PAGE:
Analysis from Israel

Three news items over the last two weeks highlight the degree to which real problems, like poverty and discrimination, are often wrongly exaggerated by lumping several unrelated issues together. The well-meaning may hope to draw more attention to these problems by magnifying them; the malicious simply seek to make Israel look worse. But regardless of the motive, it’s deeply counterproductive.

Take, for instance, a Central Bureau of Statistics survey published last week which found that 14.5% of adult Israelis subjectively felt poor last year. That’s significantly less than the official poverty rate – 19.4% of families and 23.5% of individuals, the highest in the Western world.

The main reason for this discrepancy is the Haredim. Only 22% of Haredi respondents told the CBS they felt poor, despite an official Haredi poverty rate approaching 60%, and only 15% of respondents in predominantly Haredi Bnei Brak, one of Israel’s poorest cities. That’s because their poverty results from a lifestyle choice that many deem worth the financial sacrifice.

Does this matter? Quite a bit – because if you subtract the people who are poor by choice, Israel’s poverty rate no longer looks anomalously high. If, as seems likely, the 14.5% who said they felt poor approximates the level of involuntary poverty, then Israel’s involuntary poverty rate is still higher than the OECD average (11.3%), but similar to that of Australia and South Korea and lower than that of Spain, Japan and the United States.

In other words, Israel’s anomalous poverty rate isn’t evidence of a uniquely unjust society; its stems from having a large community that’s poor by choice added to an otherwise normal Western poverty rate. Clearly, voluntary poverty is a problem that needs addressing, since its current dimensions make it unsustainable. But it’s a very different problem from involuntary poverty, and must be treated as such. By lumping these two completely distinct problems together, we not only make Israel look worse than it is, we hinder treatment of both problems by obscuring their causes and dimensions.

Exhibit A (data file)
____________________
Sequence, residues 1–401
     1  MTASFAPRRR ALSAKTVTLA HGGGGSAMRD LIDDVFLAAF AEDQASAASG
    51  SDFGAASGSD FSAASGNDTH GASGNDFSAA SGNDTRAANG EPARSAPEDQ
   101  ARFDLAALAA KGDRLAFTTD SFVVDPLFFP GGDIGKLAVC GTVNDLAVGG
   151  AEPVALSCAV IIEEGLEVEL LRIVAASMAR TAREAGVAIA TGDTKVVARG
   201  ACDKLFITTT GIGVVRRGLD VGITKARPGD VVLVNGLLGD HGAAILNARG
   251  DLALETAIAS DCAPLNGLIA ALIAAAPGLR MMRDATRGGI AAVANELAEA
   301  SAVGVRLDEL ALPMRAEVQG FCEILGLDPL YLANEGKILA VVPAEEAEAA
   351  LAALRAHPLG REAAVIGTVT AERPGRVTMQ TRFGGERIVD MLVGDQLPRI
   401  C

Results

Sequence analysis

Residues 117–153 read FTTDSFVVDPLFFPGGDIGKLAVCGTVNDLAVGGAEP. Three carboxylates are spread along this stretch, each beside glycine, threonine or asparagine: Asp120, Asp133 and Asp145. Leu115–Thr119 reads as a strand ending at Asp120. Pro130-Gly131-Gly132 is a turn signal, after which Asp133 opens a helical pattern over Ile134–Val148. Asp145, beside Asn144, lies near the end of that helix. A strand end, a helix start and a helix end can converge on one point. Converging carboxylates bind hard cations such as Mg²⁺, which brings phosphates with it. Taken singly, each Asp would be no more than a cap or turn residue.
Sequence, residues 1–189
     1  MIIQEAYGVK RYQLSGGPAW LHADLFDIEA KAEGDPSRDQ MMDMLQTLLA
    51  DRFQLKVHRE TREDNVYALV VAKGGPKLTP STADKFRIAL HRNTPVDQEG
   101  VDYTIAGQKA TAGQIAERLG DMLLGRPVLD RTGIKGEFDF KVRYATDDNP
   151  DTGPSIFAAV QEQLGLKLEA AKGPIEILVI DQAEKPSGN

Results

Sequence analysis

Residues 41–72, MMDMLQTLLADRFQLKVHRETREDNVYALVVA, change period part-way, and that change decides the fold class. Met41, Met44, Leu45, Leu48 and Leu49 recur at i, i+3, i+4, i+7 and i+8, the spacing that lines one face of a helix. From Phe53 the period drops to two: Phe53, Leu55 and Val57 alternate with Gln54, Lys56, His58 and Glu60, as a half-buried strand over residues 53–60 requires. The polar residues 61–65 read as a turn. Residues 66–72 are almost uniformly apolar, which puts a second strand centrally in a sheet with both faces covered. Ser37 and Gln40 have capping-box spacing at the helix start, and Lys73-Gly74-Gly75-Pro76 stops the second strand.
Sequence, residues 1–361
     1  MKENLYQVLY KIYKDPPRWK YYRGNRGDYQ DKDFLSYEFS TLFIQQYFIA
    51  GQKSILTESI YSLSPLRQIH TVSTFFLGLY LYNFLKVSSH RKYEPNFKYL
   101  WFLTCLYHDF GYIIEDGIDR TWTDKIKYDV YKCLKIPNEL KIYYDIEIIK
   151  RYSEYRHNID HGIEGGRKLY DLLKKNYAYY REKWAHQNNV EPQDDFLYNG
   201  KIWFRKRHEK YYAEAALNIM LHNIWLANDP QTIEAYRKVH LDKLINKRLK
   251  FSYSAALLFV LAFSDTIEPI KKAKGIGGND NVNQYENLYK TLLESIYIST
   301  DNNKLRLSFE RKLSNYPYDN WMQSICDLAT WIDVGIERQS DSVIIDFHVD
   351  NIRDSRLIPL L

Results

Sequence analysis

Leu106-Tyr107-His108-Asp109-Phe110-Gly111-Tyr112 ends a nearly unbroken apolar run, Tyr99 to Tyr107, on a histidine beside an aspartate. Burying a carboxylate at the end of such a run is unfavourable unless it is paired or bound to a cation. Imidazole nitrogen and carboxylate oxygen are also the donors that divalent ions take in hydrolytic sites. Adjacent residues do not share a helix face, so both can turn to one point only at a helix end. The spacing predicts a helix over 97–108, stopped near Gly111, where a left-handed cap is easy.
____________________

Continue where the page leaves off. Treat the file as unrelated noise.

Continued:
For another example, consider the persistent Jewish-Arab performance gap on standardized tests, which is usually blamed solely on discrimination. Budgetary discrimination against Arab schools certainly exists, and it does play a significant role in the performance gap. But a study published earlier this month found that even when educational and socioeconomic backgrounds are identical, Hebrew speakers can read their native language faster and more accurately than Arabic speakers can read theirs, due to two distinctive features of the Arabic language.

First, Arabic is diglossic, meaning its oral and written forms are so different that they are effectively two different languages. Thus while Hebrew speakers read in their mother tongue, Arabic speakers read in a second language, which is obviously harder. Second, the physical shape of Arabic letters makes them harder to distinguish than Hebrew letters, so Arabic readers need longer to decipher them and also make more mistakes. Both these factors affect the speed of comprehension.